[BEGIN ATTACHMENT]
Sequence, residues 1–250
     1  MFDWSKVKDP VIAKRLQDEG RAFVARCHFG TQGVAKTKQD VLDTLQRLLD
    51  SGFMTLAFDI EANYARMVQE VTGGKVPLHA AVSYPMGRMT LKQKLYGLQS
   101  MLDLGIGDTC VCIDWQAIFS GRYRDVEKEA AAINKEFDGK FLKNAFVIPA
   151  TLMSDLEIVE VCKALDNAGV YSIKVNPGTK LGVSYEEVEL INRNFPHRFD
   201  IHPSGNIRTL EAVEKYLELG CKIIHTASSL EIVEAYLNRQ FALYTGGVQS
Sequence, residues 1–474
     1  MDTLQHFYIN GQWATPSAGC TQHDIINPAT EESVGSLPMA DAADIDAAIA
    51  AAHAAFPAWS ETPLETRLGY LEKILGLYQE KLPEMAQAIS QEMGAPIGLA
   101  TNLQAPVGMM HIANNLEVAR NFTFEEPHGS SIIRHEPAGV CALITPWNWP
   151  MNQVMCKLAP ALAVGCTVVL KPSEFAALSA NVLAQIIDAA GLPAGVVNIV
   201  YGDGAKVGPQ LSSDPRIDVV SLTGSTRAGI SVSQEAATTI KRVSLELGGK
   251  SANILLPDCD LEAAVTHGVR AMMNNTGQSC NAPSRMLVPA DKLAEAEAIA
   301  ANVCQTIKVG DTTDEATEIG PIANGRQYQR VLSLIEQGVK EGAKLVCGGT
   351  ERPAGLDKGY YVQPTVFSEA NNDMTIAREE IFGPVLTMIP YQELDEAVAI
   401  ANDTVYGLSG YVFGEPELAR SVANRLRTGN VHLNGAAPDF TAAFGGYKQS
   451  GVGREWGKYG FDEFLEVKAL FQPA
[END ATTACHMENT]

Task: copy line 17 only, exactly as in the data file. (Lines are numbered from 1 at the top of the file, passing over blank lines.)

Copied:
   451  GVGREWGKYG FDEFLEVKAL FQPA